Job interviews. They’re not fun. Far from it. Unfortunately, they’re a part of life that is as inescapable as death and taxes for most of us. That being said, there are ways to make job interviews at least a little more tolerable. Being well-prepared for a job interview is a great first step, but sometimes it isn’t enough. Understanding how to highlight your skills in a job interview will help potential employers see all of the value that you can bring to the table. Everyone is unique and finding ways to showcase that in order to stand out in the applicant pool can help put your resume at the top of the list.
“Your answers should also emphasize the skills that are most important to the employer and relevant to the position.”
– Alison Doyle, Job Search Expert, The Balance Careers –
Hit the High Notes
When it comes to showcasing the skills and unique experiences you’ve cultivated along your professional journey so far, it’s vital to hit the high notes. If there are any specific work experiences that you’re particularly proud of, be sure to hone in on those when discussing the job opportunity at hand. Don’t stop with discussing previous high notes and accomplishments throughout your career, though, go above and beyond and draw lines and parallels between those experiences and how they’ll relate to the potential position.
Even if you are making a career change, or find yourself in a field adjacent to your prior one, there are ways you can use previous experiences to inform your job performance in a new role.
In some cases, it may even be okay to discuss challenges that you had to overcome in order to accomplish a goal or complete a project. This can display a sense of fortitude and self-motivation that many companies look for, especially in the virtual work environment so persistent today.
“When I’m listening to candidates speak, I want to hear about the accomplishments, yes, of course. More than that, though, I want to hear about the obstacles they faced along the way. Tell me about the journey. Plus, I can tell a lot about someone based on their reaction to adversity.”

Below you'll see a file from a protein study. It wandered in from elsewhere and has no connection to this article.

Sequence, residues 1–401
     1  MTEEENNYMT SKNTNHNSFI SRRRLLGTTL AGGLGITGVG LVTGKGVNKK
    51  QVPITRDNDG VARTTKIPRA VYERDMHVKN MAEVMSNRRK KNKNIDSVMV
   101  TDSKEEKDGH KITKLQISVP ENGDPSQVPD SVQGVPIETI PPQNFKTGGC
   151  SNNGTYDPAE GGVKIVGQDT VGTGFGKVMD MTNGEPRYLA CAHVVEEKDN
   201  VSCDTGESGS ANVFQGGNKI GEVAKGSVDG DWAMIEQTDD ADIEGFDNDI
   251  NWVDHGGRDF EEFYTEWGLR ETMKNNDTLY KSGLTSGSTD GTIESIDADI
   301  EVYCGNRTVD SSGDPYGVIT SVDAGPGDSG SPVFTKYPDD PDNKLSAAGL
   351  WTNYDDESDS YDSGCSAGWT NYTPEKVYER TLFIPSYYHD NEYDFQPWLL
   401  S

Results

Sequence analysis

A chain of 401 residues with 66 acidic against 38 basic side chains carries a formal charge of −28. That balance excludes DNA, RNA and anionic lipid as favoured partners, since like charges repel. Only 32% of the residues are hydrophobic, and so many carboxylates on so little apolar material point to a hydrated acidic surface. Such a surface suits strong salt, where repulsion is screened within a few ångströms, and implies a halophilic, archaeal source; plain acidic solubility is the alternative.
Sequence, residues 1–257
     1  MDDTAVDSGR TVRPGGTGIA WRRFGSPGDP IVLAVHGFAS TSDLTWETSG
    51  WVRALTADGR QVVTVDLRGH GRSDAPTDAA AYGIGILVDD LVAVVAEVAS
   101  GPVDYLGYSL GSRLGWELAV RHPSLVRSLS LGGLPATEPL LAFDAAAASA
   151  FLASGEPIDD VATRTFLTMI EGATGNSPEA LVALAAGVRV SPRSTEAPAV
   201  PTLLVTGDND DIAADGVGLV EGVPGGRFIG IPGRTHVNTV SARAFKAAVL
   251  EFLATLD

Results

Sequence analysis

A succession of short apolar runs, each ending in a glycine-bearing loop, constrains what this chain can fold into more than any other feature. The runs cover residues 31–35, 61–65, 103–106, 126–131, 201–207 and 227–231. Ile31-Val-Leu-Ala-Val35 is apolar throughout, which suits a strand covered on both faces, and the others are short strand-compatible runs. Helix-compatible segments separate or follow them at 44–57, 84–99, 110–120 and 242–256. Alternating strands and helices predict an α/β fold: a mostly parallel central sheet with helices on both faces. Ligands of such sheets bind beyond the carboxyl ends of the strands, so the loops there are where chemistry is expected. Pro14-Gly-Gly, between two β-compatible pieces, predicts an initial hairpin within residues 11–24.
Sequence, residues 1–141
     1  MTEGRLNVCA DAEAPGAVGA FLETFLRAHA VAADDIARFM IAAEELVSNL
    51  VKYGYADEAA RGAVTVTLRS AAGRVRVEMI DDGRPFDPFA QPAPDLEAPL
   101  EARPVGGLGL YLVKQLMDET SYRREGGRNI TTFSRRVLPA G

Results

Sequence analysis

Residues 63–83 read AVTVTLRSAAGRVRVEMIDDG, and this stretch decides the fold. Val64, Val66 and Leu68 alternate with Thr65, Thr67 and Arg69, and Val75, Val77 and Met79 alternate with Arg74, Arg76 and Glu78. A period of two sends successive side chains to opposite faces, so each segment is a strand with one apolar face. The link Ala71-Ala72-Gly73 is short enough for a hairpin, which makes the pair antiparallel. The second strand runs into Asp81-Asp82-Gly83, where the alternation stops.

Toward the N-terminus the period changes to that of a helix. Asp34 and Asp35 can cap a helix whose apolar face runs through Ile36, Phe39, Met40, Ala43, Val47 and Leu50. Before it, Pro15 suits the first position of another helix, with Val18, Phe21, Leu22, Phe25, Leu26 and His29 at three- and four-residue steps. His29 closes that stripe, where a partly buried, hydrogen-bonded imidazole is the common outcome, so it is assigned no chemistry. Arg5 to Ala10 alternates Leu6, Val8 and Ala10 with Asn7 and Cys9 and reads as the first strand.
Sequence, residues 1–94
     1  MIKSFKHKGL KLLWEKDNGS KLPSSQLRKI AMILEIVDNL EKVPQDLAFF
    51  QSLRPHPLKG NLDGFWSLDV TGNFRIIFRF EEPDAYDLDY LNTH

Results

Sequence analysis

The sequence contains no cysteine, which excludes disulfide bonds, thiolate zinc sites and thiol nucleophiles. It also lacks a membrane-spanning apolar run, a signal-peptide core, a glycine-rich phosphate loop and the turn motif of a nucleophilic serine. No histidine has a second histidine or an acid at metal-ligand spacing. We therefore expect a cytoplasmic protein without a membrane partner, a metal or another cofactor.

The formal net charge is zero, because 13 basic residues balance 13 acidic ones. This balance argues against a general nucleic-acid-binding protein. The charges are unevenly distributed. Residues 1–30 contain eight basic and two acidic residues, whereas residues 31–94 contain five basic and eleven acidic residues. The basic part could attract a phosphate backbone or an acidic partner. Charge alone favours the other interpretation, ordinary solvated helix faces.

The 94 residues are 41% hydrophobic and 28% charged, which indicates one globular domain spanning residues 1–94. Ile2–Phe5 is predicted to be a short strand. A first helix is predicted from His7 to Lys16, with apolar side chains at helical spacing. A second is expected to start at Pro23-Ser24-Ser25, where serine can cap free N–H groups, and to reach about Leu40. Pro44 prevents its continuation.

– Cole Steverson, COO, Hybrid2Go –
Keep Things Concise
When showcasing your skills and highlighting your accomplishments, be sure to keep things concise. This is where that age-old adage, “practice makes perfect” stays relevant. Practicing your personal little elevator speech can help you identify words and phrases you specifically want to include in your answer.
Having a general 90-120 second overview of your career and its highlights is exactly what HR recruiters and interviewers are looking for. Let them ask follow-up questions and dig into any specific experiences that pique their interest. That’s what the interview is mostly for anyway.
“When I ask my potential hires to tell me about themselves, what I’m really looking for is for them to A. Verify their experience and tell me about their accomplishments, B. Tell me what makes them a good fit for this position specifically, and C. To leave me with something unique about themselves, either professionally or personally. Something I can follow up on.”
– Brandon Lurie, Marketing Director, Y Meadows –